Vigilance remains necessary

Not one week after the crushing defeat suffered by ACTA in the European Parliament, comes another trade agreement fresh on its heels. This time, it is called CETA (Canada-EU Trade Agreement), a trade agreement between Canada and the European Union. Rather worryingly, certain provisions of the CETA text seem to be copied and pasted from the ACTA text. Is the European Commission already trying to sneak ACTA in under the radar?

Yes, say a number of Internet authorities on such matters. It all began with a posting by Michael Geist with the title “ACTA Lives: How the EU & Canada Are Using CETA as Backdoor Mechanism To Revive ACTA”. It was then quickly picked up by Techdirt and BoingBoing. Michael Geist does have a rather compelling list of phrases from the CETA agreement, which, when put next to ACTA text, sound frighteningly similar. Seeing the two side by side, it is easy to get the impression that there is something very sneaky going on.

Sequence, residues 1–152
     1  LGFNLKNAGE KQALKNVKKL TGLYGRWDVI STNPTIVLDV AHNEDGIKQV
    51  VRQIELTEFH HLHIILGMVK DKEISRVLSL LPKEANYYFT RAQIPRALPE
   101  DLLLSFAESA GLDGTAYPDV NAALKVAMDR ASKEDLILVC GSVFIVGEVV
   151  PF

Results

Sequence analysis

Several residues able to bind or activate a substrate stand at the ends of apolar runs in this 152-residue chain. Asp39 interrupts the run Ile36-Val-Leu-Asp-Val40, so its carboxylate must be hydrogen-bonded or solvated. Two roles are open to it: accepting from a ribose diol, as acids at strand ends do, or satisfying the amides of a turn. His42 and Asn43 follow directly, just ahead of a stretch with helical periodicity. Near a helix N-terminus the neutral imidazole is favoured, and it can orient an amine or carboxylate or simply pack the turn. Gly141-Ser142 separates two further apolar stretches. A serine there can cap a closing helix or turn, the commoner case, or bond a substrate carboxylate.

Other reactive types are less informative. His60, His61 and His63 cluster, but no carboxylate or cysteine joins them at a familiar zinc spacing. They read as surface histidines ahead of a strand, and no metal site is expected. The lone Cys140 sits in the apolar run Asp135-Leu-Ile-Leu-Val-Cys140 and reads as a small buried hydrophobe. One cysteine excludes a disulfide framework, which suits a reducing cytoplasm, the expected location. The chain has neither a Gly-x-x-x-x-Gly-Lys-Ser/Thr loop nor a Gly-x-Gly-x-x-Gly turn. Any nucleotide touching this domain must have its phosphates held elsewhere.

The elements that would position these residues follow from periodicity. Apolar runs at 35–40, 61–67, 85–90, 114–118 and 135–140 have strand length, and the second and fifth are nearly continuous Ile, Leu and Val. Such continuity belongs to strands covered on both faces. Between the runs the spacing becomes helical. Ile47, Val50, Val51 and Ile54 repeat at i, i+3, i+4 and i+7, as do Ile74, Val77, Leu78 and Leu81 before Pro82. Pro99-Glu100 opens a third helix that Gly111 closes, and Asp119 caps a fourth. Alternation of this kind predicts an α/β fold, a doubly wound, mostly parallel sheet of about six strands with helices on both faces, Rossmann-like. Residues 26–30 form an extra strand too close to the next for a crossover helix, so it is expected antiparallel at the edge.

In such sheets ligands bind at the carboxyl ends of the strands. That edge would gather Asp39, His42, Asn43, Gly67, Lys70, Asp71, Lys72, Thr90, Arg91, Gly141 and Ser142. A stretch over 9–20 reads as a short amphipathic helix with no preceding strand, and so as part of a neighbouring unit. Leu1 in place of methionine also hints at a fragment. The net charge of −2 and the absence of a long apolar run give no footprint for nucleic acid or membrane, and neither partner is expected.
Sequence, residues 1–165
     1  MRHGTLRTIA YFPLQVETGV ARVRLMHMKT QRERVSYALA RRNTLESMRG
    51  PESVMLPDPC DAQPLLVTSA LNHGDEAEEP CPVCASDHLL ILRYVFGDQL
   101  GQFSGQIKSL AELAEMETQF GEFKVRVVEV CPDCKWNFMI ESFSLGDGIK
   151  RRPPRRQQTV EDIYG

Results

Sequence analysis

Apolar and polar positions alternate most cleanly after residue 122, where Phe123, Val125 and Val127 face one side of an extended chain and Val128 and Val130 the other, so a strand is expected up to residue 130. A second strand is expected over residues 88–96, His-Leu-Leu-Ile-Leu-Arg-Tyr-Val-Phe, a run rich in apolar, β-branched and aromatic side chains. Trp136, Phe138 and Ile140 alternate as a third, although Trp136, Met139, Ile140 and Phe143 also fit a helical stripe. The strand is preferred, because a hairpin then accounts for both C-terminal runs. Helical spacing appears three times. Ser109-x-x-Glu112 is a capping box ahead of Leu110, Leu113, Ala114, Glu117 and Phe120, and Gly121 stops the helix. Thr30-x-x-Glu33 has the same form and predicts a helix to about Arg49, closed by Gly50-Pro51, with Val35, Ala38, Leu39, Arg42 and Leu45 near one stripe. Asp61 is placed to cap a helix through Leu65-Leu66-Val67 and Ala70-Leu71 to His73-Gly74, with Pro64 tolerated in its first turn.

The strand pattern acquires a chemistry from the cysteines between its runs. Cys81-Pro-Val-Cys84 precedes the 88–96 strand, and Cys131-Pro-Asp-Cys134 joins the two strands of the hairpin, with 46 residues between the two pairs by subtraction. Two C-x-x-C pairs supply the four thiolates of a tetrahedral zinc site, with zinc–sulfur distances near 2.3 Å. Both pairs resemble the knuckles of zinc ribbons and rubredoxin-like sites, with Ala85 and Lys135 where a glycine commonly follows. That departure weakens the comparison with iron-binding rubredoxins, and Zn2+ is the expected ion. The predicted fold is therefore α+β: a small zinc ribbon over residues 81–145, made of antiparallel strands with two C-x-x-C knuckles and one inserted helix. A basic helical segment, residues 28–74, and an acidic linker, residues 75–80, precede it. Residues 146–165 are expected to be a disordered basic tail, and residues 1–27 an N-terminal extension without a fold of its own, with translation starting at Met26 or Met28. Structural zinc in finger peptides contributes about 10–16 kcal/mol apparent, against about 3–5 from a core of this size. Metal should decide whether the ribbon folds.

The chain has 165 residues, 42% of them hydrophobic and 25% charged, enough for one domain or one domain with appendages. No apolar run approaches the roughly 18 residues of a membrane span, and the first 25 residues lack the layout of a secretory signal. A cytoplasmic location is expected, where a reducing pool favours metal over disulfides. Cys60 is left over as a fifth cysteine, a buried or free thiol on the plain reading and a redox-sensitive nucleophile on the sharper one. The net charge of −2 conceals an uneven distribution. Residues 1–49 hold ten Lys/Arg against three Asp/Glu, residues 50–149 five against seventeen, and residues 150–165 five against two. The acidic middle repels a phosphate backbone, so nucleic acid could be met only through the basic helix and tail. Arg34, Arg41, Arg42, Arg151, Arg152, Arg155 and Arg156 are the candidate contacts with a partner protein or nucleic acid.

However, Rick Falkvinge, founder of the world’s first Pirate Party and political evangelist adds some caution to the knee-jerk reaction of others. He reminds us that the current CETA text was drafted in February 2012, when it looked to most people that ACTA would pass the European Parliament with flying colours.  The people who wrote this text simply copied from ACTA which they thought would become reality. By now, we know that ACTA has failed to pass so the text looks like an attempt to bring ACTA back through the backdoor but in fact it doesn’t have to be.
A much needed voice of reason, in my opinion!

If anything, the text of the CETA agreement does demonstrate very clearly that we must remain vigilant. ACTA may have failed to pass and may be as good as dead. But tomorrow, a new treaty, a new agreement or a new law may be introduced that is as bad or even worse than ACTA threatened to be. The fight against ACTA may be over in Europe, but the fight for our (digital) freedom is only just beginning!